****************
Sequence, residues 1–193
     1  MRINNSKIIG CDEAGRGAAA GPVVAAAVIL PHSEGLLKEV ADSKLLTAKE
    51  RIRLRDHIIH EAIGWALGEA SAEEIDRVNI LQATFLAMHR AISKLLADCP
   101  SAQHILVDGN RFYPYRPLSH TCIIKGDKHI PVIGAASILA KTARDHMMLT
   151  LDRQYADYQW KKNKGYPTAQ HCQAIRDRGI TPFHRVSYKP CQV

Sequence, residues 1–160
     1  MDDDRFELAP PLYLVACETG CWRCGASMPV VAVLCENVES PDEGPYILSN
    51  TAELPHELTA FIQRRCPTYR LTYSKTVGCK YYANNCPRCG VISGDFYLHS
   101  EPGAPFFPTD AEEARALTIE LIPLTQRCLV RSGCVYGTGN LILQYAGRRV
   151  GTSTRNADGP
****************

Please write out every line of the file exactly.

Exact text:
Sequence, residues 1–193
     1  MRINNSKIIG CDEAGRGAAA GPVVAAAVIL PHSEGLLKEV ADSKLLTAKE
    51  RIRLRDHIIH EAIGWALGEA SAEEIDRVNI LQATFLAMHR AISKLLADCP
   101  SAQHILVDGN RFYPYRPLSH TCIIKGDKHI PVIGAASILA KTARDHMMLT
   151  LDRQYADYQW KKNKGYPTAQ HCQAIRDRGI TPFHRVSYKP CQV

Sequence, residues 1–160
     1  MDDDRFELAP PLYLVACETG CWRCGASMPV VAVLCENVES PDEGPYILSN
    51  TAELPHELTA FIQRRCPTYR LTYSKTVGCK YYANNCPRCG VISGDFYLHS
   101  EPGAPFFPTD AEEARALTIE LIPLTQRCLV RSGCVYGTGN LILQYAGRRV
   151  GTSTRNADGP